In a couple of weeks, the new Resonars album is out on Trouble In Mind – the band’s first in 5 years. The predecessor to No Exit was the brilliant Crummy Desert Sound which made it to the top of my albums list of 2014. Once again, Matt Rendon has recorded with a full band – in his very own studio Midtown Island. We’ve had a listen to the album and it’s so great it required a quick chat with Rendon.
The new record sounds like a real pop classic, how long have you been working on it, and who’s in the band these days?
The oldest song is four years old, the actual recording took a year and a half, off and on. The band is Isaac Reyes (guitar, vocals), Johnnie Rinehart – (drums), Ricky Shimo (bass, vocals) and myself on guitar and vocals. Johnnie’s the latest addition, dating back three years now. They others all play in the band Lenguas Largas, and it’s pretty well known around here that they’re the best band in Tucson.
This feels like a return to a more straightforward, compact soundscape. Did you have enough of experimenting in the studio after Butterscotch Cathedral LP?
No, there’s plenty of outlets for experimentation with the other four bands with whom I play (Resonars, Freezing Hands, Harsh Mistress, Sea Wren). The point of the Butterscotch Cathedral was to make two dreamscapes with a break in the middle.We’ve been talking about doing another Butterscotch Cathedral record with my wife Cherish (Sea Wren) writing the lyrics.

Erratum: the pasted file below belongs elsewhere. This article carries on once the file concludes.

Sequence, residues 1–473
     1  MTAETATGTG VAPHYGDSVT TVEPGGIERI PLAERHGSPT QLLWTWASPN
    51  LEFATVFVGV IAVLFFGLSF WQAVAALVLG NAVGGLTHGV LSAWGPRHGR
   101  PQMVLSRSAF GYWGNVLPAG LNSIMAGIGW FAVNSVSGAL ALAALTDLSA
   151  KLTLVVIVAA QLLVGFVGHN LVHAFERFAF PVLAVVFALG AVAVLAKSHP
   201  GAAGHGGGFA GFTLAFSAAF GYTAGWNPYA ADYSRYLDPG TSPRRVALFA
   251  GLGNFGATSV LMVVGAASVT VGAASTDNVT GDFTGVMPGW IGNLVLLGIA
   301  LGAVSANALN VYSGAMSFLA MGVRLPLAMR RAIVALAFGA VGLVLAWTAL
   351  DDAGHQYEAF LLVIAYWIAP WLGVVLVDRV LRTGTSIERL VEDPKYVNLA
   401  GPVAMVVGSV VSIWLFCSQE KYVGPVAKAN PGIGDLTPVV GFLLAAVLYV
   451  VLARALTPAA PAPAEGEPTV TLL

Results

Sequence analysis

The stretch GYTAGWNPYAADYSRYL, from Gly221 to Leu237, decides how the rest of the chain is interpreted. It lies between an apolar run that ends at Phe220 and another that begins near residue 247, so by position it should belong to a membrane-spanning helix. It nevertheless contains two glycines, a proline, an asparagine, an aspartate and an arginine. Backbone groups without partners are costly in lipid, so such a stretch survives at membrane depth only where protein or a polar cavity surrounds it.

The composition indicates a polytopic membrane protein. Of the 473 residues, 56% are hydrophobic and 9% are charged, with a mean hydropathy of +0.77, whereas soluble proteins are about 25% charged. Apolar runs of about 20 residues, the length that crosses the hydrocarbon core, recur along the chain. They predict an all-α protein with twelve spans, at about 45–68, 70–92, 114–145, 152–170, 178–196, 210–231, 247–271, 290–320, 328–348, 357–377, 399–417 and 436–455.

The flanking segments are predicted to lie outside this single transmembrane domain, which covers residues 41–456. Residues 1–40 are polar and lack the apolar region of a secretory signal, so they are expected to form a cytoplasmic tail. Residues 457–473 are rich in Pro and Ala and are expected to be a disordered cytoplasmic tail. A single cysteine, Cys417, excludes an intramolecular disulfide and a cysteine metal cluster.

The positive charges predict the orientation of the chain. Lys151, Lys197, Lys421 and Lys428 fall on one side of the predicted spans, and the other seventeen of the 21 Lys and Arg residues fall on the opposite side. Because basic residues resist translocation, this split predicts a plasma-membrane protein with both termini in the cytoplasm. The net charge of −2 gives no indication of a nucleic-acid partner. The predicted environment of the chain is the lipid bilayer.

These are pretty pessimistic times, especially in the US. Does No Exit refer to the current state of affairs? Do you think pop music should reflect the negative energy or try to deflect it?
No Exit refers to the state of me and my friends, which is: we’ve been slugging it out so long making music that there really is no exit. We’ll be making music until we’re physically unable to do it. However, the tone of the songs definitely reflect the state of our country – greed, conformity, racism, selfishness – nearly every song is a take on those subjects. I think at this point, if you’re an American songwriter and you’re not writing about this shitshow we’re experiencing, you might want to go into another field.
You’ve been working with The Exbats recently. Would you like to get more into producing other people’s work?
Well I’ve been mainly producing others’ work for the last five years – ever since Midtown Island Studio opened in 2013. It slows the progress of my own projects, I must admit. It slows the process of my own work, but at least now I’m in the position of picking who I want to work with.
What piece of equipment are you most proud of having in your recording studio?
This fellow named Gene Ruley left me six Realios pre-amps. He suffered a debilitating heart attack and in his last days arranged for members of the Tucson music community to have his gear. I didn’t know the man well but was a fan of his band River Roses as a teenager. The fact that he would do that for the rest of us really changed my thinking about my hometown and it’s musicians.